Assistant Professor of Pediatrics
Work: +1 401-274-1122
Dr. Caskey is interested in long-term follow-up of premature infants and the relationships between premature infants and their parents. She makes recordings of infants while being cared for in the neonatal intensive care unit and after discharge to better understand early language input to premies and how this affects their future cognitive and language skills.
BiographyMelinda is a neonatologist who is interested in the outcomes of premature infants, specifically language skills and cognition. She obtained her BS in Biology from the University of Tulsa and completed medical school and Pediatrics residency training at the University of Texas Medical Branch in Galveston. She completed her fellowship in neonatology at Brown and joined the faculty in 2011. She is currently studying early language skills of preterm infants.
Research DescriptionSpeech and language development during early childhood in preterm infants is often delayed and the language environment in the NICU may play a role in this delay. Studies done previously have shown that the percentage of time that preterm infants are exposed to language is on average between 3 and 5% in the open bay NICU and the number of words that a preterm child hears in the NICU is associated with higher Bayley scores at 7 and 18 months corrected age.1 It has also been shown in older children that the number of words that a term child hears in early childhood has a direct impact on future IQ and speech and language development2. It is well documented that the NICU has a significant amount of background noise especially in open bay NICUs3,4, but little is known about the language environment in the single-patient room NICU and how that environment affects language development in preterm infants.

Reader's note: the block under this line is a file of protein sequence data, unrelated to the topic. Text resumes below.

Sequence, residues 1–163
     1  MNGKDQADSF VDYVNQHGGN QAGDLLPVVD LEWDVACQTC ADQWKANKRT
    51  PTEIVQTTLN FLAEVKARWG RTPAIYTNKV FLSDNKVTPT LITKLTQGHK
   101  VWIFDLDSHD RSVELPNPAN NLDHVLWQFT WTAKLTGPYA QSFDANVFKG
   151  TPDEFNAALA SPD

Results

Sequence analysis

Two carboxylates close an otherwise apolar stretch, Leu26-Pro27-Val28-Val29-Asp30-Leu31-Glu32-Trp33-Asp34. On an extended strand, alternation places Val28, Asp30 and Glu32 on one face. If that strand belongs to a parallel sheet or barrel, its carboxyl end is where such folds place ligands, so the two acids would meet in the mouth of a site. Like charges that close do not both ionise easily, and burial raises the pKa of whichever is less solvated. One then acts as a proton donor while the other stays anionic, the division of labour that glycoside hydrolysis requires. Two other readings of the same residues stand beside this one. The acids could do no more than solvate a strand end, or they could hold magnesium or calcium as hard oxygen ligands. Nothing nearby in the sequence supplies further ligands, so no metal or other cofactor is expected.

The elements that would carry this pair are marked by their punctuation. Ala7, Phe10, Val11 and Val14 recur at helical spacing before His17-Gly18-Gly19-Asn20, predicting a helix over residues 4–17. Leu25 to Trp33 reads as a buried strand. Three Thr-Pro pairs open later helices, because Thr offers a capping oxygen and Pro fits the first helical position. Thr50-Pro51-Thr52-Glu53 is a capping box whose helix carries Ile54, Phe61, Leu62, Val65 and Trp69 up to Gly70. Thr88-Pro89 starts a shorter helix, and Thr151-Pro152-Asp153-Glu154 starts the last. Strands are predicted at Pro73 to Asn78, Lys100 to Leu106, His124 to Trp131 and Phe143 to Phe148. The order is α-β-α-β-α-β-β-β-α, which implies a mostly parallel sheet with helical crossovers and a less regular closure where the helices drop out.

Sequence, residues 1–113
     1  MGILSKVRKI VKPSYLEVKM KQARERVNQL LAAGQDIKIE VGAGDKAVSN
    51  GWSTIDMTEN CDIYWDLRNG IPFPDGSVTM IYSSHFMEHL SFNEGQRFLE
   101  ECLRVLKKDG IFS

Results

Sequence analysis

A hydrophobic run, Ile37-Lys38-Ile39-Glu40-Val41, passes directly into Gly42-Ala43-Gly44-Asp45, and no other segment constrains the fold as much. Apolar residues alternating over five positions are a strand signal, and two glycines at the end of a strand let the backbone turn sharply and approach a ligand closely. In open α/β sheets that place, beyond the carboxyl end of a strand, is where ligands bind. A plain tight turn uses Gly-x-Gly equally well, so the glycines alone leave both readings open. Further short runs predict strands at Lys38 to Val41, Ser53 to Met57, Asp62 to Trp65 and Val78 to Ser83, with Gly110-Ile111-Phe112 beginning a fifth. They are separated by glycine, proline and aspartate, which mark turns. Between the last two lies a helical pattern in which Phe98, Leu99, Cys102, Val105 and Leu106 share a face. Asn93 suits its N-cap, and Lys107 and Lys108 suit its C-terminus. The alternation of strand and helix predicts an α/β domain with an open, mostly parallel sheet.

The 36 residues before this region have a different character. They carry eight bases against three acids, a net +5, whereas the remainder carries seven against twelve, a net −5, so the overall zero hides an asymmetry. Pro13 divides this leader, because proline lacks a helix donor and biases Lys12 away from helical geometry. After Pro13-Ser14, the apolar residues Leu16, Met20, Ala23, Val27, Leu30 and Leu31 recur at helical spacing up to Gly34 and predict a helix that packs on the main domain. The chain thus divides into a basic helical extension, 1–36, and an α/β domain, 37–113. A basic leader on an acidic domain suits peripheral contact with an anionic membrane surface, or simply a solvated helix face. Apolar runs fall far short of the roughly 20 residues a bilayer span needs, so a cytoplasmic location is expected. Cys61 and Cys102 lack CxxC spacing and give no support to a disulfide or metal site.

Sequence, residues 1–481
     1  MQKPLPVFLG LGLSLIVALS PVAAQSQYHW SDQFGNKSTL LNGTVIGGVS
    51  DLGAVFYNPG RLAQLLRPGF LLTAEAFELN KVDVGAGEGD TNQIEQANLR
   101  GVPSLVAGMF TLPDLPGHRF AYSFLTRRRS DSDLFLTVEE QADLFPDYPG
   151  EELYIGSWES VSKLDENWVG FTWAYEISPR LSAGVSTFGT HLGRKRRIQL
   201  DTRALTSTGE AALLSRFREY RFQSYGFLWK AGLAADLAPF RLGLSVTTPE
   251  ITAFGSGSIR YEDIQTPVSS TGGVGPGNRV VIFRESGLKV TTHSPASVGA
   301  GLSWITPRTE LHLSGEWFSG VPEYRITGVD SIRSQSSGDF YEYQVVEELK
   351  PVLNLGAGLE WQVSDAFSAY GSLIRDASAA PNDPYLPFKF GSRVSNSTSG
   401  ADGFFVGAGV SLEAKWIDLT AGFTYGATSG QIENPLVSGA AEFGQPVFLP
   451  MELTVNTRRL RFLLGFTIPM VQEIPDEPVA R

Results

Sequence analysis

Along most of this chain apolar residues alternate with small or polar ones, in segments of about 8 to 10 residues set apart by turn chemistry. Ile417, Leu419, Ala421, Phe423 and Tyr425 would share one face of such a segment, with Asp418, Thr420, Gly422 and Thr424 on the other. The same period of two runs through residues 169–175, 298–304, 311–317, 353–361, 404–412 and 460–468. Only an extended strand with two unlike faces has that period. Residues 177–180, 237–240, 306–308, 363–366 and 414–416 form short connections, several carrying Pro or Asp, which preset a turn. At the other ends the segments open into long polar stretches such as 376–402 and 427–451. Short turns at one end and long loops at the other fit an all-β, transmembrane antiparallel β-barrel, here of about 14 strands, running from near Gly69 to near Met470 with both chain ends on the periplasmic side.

Dr. Caskey's research objectives are: 1) to analyze the language environment in a single patient room NICU and compare that to previously done work in an open bay NICU and 2) to design, implement and evaluate a language intervention for the parents of preterm infants in the NICU designed to promote language skills for their babies.
Grants and AwardsFinalist Eastern SPR Young Investigator Award, 2010
1st place-Texas Pediatric Society Resident Poster Competition-2006
Daeschner Resident Scholar Award, 2004-05 and 2005-06
Alpha Omega Alpha, 2001
Phi Beta Kappa, 1996
AffiliationsAmerican Board of Pediatrics-through 2013
Certified Neonatal Research Network Examiner 2008-2011
- Caskey Melinda; Stephens, Bonnie; Tucker Richard; Vohr Betty. Importance of parent talk with preterm infants on the development of infant vocalizations. Pediatrics. 2011 Nov;128(5):910-6. (2011)